Behind the screen: In this March 16, 2012 file photo, United States actor George Clooney (center) and Representative Jim Moran of Virginia (left) from the Democratic Party are led to a police vehicle after being arrested during a protest at the Sudan Embassy in Washington, DC. (AP/Cliff Owen)
Indonesian nationals in Sudan, mostly students, are safe despite the widespread anti-government protests there, an envoy says.
“Insya Allah [God willing], Indonesian nationals are safe,” Indonesian Ambassador to Sudan Sujatmiko said on Saturday when contacted by Antara news agency from Cairo, Egypt.
“I’ve checked today and there are no problems with any Indonesian nationals here.”
An Indonesian student living in Sudan confirmed the situation.
“Alhamdulillah [Praise God], protests have not affected Indonesian students so far. All students are safe,” said Abdul Salam Bugis, who is taking a Master’s degree at the International University of Africa in Sudan.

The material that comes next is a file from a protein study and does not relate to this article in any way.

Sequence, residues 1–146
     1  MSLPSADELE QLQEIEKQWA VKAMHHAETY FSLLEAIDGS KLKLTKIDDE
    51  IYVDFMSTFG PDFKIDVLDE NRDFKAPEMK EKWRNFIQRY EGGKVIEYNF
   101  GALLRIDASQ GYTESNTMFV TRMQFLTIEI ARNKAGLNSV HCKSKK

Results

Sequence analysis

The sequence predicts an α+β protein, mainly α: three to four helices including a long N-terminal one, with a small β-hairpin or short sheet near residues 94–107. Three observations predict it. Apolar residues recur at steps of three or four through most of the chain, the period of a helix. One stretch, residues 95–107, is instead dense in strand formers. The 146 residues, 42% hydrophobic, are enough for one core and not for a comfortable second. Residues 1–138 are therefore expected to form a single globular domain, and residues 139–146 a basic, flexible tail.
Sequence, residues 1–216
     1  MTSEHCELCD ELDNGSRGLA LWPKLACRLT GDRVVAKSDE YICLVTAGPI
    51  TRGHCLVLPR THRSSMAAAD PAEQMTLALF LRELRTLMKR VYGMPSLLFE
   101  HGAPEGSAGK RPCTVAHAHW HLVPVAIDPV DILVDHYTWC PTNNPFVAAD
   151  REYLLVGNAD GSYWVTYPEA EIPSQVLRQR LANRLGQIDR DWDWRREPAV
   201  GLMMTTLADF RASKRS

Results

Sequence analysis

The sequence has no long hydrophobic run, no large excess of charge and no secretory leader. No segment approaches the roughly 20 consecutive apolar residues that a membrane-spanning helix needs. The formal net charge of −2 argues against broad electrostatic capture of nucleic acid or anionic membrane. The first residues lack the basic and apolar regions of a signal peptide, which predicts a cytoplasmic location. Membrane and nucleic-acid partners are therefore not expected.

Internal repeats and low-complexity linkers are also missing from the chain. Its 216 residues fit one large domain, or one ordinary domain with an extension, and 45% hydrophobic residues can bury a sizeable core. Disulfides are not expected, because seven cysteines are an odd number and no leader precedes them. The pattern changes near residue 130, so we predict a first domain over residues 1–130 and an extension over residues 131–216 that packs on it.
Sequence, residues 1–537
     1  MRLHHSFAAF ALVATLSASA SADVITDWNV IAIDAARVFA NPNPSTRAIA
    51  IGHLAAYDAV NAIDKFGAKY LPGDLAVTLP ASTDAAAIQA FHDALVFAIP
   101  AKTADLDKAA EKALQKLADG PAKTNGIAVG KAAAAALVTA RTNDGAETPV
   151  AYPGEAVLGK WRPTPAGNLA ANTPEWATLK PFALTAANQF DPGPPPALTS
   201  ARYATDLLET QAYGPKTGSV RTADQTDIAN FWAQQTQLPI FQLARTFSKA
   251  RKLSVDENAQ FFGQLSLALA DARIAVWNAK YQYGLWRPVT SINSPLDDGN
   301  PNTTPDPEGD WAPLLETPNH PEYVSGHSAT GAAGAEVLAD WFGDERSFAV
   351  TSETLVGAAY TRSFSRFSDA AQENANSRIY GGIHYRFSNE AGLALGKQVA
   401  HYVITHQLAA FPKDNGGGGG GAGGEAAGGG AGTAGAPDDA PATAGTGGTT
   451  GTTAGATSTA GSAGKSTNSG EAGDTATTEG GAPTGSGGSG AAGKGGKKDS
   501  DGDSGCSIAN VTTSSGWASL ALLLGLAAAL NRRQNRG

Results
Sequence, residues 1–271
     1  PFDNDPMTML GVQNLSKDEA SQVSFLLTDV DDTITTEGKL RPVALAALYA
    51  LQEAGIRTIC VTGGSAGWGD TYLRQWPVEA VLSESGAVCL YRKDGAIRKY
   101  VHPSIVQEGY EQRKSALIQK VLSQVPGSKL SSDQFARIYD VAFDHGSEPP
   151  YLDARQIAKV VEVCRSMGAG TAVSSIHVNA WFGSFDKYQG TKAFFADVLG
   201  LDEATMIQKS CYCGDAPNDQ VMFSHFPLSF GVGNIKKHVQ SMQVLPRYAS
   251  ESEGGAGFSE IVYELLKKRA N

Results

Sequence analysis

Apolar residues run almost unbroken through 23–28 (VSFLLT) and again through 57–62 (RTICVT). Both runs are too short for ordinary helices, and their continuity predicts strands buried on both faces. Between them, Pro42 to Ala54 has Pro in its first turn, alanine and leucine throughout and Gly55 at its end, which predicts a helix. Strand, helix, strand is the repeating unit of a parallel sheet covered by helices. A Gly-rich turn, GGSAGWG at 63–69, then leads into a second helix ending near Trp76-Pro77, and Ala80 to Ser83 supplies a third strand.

The former chief of the Indonesian Students’ Association in Sudan said there were a total of 350 Indonesian students in Sudan, with most of them living in Khartoum, the country’s capital, and Ommu Durman.
Sujatmiko said the situation in Sudan was still “under control” and was not “as dangerous as reported by the media”.
Middle Eastern media reported that anti-government protests had spread to the outskirts of Khartoum, including to Ommu Durman.
“Anti-government protests have entered the seventh day and have spread beyond Khartoum,” said the headline of the main front page story of an influential newspaper in the Middle East, Al Hayat, on Saturday.
The major network, Aljazeera, reported how protests against Sudanese President Omar al-Bashir’s regime had expanded.
“The winds of change are blowing in Sudan,” said Suaib Tahir, an Indonesian in Sudan, as quoted by Antara, referring to the ‘Arab Spring’ uprisings that have taken place in several Middle Eastern countries. (mtq)